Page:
The record was perfect for the moment, a vibrant bristling sound that was somewhat laid back in its pacing yet aggressive in its instrumentation with hedonistic lyrics touting a drunken good time and featuring a swirling arrangement that featured all three of rock’s dominant sounds – a pounding boogie piano, wild tenor sax solos and notably a distorted electric guitar which was the final selling point for those in the future who went along with Phillips’ propaganda about it being the first rock record since that sound had become more ubiquitous in the years since.

But this supposed Rosetta stone of rock ‘n’ roll, as popular and electrifying as it was, not only was four years too late to be the first anything in rock, but it wasn’t even the first time this same basic song was released.
 


 
 

Let Me Introduce…
Ike Turner had been told about Sam Phillips’ studio from B.B. King himself and the ambitious Turner wasted no time piling the band in the car (minus their normal lead vocalist Johnny O’Neal who’d recently left the group) and headed from Mississippi up to Memphis to audition.

Knowing that original material was better they’d spent their trip re-writing Jimmy Liggins’ 1948 classic Cadillac Boogie, which the band’s alto saxophonist, Jackie Brenston had been singing on stage with them. Changing the subject from a Caddy to the new Oldsmobile Rocket 88, they also eliminated the defiant social outlook that made the original so culturally vital and replaced it with a more standard story about getting booze.

As Brenston said, ”If you listen to the two you’ll find out they’re both basically the same. The words are just changed.”.

But despite its recycled source material the updated song, while nowhere near as culturally meaningful in its actual content, had the advantage of there being three and a half years of rock songs to draw from when it came to how to craft an effective arrangement.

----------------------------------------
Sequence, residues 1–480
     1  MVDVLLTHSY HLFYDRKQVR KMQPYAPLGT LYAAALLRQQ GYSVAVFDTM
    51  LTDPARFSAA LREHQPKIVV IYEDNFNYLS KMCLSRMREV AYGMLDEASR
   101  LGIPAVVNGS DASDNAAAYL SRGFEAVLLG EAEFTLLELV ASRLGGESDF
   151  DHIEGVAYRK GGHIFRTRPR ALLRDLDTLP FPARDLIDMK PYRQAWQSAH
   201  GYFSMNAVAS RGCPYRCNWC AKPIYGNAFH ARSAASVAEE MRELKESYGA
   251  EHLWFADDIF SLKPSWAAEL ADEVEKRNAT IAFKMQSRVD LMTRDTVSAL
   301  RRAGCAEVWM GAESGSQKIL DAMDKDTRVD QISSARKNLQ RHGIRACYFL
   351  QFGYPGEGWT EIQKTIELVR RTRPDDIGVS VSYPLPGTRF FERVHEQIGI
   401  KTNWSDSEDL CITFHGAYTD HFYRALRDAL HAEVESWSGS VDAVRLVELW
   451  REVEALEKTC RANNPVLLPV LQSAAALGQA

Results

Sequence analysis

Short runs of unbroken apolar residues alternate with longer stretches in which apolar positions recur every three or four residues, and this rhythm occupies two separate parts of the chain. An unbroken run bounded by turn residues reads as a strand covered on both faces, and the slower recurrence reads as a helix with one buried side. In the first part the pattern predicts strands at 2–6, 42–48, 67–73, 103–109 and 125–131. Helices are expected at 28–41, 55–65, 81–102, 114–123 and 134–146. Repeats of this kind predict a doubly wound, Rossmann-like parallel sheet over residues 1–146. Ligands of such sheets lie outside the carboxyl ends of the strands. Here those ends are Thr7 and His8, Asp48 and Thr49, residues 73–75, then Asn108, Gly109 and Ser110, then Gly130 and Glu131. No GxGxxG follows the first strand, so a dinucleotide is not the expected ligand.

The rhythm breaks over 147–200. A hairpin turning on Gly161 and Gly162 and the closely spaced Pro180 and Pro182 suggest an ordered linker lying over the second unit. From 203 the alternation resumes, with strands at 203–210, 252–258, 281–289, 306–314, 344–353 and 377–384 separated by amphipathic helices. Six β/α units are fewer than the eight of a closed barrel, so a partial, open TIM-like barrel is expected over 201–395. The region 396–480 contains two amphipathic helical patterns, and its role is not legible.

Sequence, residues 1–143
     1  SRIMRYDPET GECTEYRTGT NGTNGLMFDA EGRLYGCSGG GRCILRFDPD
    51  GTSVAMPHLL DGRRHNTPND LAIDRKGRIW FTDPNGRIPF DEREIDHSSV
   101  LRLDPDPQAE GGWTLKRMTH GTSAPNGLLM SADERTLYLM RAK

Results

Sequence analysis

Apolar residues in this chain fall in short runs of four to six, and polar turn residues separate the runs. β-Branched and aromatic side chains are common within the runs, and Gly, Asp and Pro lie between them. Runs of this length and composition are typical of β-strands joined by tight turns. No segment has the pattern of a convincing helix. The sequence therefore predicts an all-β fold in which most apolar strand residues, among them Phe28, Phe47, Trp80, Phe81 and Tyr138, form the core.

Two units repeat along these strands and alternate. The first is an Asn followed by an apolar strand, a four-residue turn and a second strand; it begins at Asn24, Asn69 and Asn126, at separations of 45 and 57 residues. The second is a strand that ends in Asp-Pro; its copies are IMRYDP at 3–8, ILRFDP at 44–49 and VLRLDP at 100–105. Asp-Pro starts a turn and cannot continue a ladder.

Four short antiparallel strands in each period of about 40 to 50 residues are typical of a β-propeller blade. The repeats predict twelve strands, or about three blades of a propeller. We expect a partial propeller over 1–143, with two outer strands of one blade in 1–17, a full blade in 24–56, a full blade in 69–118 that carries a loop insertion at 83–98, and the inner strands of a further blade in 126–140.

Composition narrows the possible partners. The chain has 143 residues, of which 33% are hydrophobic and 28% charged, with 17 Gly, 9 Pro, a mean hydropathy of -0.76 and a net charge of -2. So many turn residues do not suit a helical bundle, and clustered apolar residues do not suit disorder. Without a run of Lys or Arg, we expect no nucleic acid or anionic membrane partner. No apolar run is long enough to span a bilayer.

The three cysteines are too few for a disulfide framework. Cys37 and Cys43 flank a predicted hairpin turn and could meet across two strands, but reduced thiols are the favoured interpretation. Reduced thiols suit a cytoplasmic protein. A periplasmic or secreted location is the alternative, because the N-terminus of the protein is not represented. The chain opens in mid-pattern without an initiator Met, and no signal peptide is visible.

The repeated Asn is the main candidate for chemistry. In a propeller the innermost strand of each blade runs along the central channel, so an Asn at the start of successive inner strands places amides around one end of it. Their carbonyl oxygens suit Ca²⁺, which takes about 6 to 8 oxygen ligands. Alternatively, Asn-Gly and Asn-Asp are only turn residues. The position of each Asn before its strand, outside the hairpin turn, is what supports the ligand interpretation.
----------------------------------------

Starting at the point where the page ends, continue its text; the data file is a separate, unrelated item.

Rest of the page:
In a final touch of serendipity when unpacking the instruments from the trunk the bass amplifier fell and cracked the speaker cone. Expensive as they were they had little choice but to try and make do and by stuffing paper inside it the resulting vibrations gave it a fuzzy distorted sound that added to the uninhibited nature of the performance.

With Turner’s frantic piano opening it up, which Little Richard copied lick for lick on Good Golly Miss Molly, and Willie Kizart’s infectious boogie on guitar sounding like it was ready to blow the fuses in the control room, the song hit the ground running.
 

Yes, It’s Great… Everybody Likes My Rocket 88
Brenston’s vocal when it comes in is so self-assured, so in the pocket, so at-ease that it’s hard to believe he was just out of his teens and making his recording debut. Even his thrown-off vocal asides to the band are completely unforced and add to the image of this being played in some dingy club in the South where people go each night to lose their minds. Maybe more importantly for the record’s success is how clear his vocal is. There’s no regional dialect, no mumbled lines, the voice is youthful and universal and thus easily accessible for the audience it was intended for.

Meanwhile the band is churning relentlessly, providing constant propulsion with the guitar supplying the rhythm, Turner’s piano bashing away while the drums are kicking them in the ass the whole time.

The real star though is 17 year old Raymond Hill on tenor who rips through multiple solos that show that for all of the hype surrounding the guitar it was still the saxophone that was the most vibrant and crucial instrument in the rock lineup.

When it was released Turner was upset that it was credited to Jackie Brenston instead of him (even The Delta Cats designation robbed Turner of secondary credit) but as undeniably tight as the band is the fact is structurally he didn’t deliver anything new on Rocket 88, just an updated arrangement of another song. Same melody, same rhythm, even that vaunted guitar is playing the same exact lines the horns on the Liggins record laid down. The sax solo is much improved and the added aggression of course makes it sound more dangerous, but that’s to be expected when three and a half years have passed.

They’re each absolutely crucial records in rock’s evolution and while they have different attributes that give them their biggest impact, within the context of their own eras they’re more or less equals… in everything but historical credit that is.

For that we can blame Sam Phillips, sure, but the real blame rests with those who can’t see the difference between between verifiable facts and a man who genuinely accomplished great things in music but wasn’t above brazenly distorting history in order to make sure that he wasn’t forgotten along the way.
 
 
SPONTANEOUS LUNACY VERDICT:

 
 
 
 
 
 
 
 

 
(Visit the Artist pages of Jackie Brenston as well as Ike Turner for the complete archive of their respective records reviewed to date)